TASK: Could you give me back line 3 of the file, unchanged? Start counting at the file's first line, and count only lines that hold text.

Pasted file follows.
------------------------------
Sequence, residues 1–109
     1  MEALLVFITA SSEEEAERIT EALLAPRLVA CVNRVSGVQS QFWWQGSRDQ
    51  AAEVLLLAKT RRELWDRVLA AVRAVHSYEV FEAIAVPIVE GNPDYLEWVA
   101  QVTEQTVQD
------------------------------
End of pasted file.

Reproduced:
    51  AAEVLLLAKT RRELWDRVLA AVRAVHSYEV FEAIAVPIVE GNPDYLEWVA